Monday, April 22, 2013

When I think about you I write my blog

Sad news in the music industry today.  Chrissy Amphlett, lead singer of the Divinyls, passed away today due to complications from breast cancer and Multiple Sclerosis.  The news broke across my TV screen and I thought, "wow, that's sad, but why is this breaking news?"  Well, because she was Australian, of course!  I never knew this.  I've played their most famous song, I Touch Myself, probably around 300 times live.  I love the music game show, Spicks and Specks, because it shows me how little I actually know about world music.  This got me thinking, who else is Australian?

Let's start with the big ones I already know about.  You could begin and end the conversation with AC/DC.  I think Angus Young has to be in everyone's top five rock guitarists of all-time.  If he isn't I think you should ask yourself; a.) Am I breathing? and b.) Do I actually like rock?  If your answer is no to either of these questions you should probably reevaluate if your time could be better spent than reading this blog.

Ok, still with me?  Then we move to the BeeGees.  Amazing songwriters.  Amazing harmonies.  Crazy awesome hair.  Stayin' Alive.  That pretty much says it all.  But, did you know there were actually born in England before moving just north of Brisbane, Australia?  Yeah, you probably did. Sorry, I just seem really late to this game.

Moving on in my brain we have INXS and Michael Hutchence. Brilliance in a tightly wrapped ball of rock and sexual fury.  I dare you to turn on INXS "Kick" album and not dance.  Seriously, I dare you.

Recently, you might have heard a little song by a little artist called Gotye.  It was rather popular last year.  Someone That You Used To Know. I think that was the title.  They really didn't play it a lot so it's hard remembering it.

I guess I should probably mention Keith Urban too since country is basically pop music these days.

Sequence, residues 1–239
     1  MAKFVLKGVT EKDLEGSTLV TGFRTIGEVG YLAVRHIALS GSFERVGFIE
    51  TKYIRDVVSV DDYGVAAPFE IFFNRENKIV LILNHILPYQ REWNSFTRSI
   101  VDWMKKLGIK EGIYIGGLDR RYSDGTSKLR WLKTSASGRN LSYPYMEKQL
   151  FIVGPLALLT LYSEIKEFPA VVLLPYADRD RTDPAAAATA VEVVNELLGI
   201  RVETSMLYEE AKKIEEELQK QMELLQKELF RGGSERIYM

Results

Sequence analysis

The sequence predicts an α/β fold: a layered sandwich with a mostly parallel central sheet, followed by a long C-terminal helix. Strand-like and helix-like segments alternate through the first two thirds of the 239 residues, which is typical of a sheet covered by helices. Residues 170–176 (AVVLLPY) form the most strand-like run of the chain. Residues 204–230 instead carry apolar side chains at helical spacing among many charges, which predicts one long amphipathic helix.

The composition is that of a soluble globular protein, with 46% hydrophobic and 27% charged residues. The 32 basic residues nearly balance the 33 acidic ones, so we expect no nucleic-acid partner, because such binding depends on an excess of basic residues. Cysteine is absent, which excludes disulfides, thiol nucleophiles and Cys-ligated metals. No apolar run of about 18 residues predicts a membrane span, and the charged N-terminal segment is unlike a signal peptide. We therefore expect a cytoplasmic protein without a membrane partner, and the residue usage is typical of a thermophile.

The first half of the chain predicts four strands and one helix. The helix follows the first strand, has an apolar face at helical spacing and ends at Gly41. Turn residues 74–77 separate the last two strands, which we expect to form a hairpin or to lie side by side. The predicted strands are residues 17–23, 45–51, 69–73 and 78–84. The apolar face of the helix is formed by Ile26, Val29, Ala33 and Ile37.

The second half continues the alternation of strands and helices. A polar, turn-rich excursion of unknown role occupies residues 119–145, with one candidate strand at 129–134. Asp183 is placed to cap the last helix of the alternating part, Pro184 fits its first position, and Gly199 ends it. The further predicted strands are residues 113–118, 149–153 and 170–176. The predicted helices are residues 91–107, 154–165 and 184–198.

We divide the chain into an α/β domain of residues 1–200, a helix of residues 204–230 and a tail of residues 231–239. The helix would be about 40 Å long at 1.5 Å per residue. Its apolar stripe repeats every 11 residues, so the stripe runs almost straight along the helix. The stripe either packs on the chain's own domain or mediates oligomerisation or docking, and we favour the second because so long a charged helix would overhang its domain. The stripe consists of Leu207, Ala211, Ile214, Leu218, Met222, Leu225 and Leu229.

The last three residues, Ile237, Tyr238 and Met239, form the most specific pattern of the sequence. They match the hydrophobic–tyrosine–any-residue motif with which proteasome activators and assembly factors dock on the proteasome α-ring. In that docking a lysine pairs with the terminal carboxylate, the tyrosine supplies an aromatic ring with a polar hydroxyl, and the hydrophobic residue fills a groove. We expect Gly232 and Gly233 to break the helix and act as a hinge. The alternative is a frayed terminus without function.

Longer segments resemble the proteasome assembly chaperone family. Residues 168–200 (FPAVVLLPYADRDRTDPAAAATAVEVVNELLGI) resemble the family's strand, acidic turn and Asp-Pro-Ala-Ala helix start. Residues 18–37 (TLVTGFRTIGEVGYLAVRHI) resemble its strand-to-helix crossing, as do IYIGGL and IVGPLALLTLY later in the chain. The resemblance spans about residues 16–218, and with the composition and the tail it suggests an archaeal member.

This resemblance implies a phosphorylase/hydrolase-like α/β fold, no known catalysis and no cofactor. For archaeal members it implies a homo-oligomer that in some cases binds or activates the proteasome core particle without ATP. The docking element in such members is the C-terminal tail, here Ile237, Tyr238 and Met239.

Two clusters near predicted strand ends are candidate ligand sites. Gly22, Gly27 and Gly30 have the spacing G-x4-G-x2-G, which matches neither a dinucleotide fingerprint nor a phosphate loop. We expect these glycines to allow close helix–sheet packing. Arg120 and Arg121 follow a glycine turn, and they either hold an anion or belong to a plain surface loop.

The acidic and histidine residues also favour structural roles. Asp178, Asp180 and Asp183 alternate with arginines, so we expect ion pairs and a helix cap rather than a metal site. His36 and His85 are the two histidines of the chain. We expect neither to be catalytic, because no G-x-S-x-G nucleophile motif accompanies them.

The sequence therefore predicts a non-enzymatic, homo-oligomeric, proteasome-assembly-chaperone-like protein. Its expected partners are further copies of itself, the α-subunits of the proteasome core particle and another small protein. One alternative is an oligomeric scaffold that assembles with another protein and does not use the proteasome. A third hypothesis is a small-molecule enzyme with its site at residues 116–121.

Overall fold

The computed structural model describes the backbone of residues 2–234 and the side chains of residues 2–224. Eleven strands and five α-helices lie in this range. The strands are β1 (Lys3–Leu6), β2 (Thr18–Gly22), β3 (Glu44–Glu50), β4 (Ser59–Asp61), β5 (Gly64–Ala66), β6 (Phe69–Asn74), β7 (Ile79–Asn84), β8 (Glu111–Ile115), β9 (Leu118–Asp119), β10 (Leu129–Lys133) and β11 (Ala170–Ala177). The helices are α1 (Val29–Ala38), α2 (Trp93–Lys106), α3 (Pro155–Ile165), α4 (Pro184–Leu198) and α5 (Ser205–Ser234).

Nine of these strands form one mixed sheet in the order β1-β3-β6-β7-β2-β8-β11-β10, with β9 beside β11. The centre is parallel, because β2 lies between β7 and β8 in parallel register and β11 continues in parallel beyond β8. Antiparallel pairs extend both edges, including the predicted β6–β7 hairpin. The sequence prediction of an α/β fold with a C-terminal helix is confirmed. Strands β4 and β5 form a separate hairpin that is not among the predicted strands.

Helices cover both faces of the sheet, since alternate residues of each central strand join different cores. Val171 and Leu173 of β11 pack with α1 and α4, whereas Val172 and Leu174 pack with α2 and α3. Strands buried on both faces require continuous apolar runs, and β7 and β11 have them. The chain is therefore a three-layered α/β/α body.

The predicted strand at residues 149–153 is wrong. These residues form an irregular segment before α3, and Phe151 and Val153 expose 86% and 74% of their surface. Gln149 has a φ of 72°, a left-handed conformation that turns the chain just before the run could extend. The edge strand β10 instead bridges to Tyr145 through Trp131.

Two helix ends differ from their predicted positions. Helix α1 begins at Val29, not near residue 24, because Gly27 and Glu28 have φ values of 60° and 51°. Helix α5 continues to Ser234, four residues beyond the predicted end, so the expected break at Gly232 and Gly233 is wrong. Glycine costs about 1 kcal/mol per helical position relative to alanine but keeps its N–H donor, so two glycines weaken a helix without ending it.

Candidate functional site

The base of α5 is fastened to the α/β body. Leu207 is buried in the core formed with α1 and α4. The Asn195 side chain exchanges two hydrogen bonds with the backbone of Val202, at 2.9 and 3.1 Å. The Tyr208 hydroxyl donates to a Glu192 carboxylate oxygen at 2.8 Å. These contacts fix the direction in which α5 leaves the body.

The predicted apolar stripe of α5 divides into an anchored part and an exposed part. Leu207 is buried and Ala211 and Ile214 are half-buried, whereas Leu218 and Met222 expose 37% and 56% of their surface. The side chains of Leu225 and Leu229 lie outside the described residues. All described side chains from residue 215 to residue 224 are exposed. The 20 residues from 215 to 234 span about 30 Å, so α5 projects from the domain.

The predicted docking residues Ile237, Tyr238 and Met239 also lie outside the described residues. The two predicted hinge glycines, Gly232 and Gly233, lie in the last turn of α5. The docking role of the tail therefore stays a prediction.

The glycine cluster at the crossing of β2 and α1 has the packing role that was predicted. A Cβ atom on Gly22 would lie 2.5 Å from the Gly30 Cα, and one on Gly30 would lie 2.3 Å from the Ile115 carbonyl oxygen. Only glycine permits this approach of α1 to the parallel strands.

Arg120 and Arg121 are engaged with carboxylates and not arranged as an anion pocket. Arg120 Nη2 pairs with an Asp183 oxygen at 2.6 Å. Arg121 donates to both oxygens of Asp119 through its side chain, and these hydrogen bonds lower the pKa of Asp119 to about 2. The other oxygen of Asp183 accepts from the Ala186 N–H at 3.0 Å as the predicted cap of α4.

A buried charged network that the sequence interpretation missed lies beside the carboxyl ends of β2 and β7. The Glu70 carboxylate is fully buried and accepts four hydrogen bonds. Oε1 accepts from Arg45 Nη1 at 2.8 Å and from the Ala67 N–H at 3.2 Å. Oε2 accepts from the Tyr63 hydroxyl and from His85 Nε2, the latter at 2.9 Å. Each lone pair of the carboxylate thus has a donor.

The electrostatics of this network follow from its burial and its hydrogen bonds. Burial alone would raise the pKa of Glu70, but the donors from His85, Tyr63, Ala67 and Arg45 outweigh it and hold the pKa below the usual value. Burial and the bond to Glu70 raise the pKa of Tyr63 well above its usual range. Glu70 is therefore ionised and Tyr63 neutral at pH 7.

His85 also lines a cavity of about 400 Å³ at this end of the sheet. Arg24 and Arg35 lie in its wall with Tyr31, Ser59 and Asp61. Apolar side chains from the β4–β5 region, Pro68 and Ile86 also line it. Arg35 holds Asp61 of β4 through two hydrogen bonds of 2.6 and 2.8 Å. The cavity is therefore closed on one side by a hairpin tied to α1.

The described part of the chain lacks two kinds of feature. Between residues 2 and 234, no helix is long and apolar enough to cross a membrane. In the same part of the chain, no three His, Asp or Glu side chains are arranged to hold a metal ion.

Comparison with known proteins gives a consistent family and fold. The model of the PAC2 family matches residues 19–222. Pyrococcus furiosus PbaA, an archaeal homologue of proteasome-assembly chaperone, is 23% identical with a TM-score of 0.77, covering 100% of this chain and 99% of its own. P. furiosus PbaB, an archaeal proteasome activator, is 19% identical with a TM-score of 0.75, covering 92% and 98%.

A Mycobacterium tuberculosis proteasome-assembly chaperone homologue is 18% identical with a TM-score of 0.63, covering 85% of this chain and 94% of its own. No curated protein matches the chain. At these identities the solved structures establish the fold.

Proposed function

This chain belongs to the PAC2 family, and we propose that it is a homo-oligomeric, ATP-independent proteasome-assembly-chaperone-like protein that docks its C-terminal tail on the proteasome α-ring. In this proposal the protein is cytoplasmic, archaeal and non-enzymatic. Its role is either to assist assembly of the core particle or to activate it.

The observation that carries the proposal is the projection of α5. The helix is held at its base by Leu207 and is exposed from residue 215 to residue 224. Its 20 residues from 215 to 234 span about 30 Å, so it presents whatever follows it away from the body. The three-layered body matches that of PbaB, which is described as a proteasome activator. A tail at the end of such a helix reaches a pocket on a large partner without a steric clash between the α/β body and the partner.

Then you have Jet asking me to be their girl,  Midnight Oil burning beds down, Men at Work telling me about vegemite, Olivia Newton-John hopelessly devoted to Grease, John Butler singing about a Zebra, and those crazy Silverchair kids.  That's what I know about Australian pop rock music.

Now we get into the bands I had no idea were Australian: Air Supply, Little River Band, Crowded House, Wolfmother, The Vines, Savage Garden, the Divynyls, Kylie Minogue, Leo Sayer, Natalie Imbruglia, Nick Cave, RICK SPRINGFIELD (how did I not know this), Tina Arena and probably more I couldn't find.

These are just the bands that became popular in the United States.  There is a whole history of Australian music I have no idea about!  There are not enough hours in the day to try to catch up.  I feel like the first time my friend Jeremiah played me Led Zeppelin.  I sat there trying to comprehend how my life existed before that moment.  How could I live in a world where I didn't know Led Zeppelin?!  It was too hard for my little 14-year-old brain to comprehend.  Were there more bands like this I didn't know about?  How could I possibly keep going on until I knew everything about every band ever?  Yes, I think I was a crazy kid.

Now I am a crazy adult trying to play catch up.  I'd better get back to listening now.

RIP Chrissy.  Joan Jett once said, "Girls have got balls. They're just a little higher up that's all".  Chrissy lived a balls out, fiery, female chick singer existence and the world is better for it.  We will miss you.

Wednesday, April 17, 2013

Look for the Bare Necessities

Another weekend, another adventure.  This time we boarded the bus and headed south about 5km to La Perouse on Botany Bay.  Botany Bay serves as Sydney's main cargo seaport and also happens to be the site of Captain James Cook's first landing on the continent Terra Australis (Land of the South) in 1770 by the HMS Endeavour.  The sheer amount of amazing plants led Joseph Banks and Dr. Daniel Solander, the resident botanists on the ship, to call it Botanist Bay.  In true Aussie fashion this somehow was shortened to Botany Bay.

Congwong Bay
Bare Island

I must say it's an amazing feeling to try to imagine what they must have seen coming into the Bay.  If the Brits had only seen it with their own eyes I would think that they would have packed up, moved and left Britain for the convicts instead of the other way around.  

View across to Kurnell, location of Captain Cook's first landing
Very popular area for scuba diving.  Fun to see these guys come out of nowhere.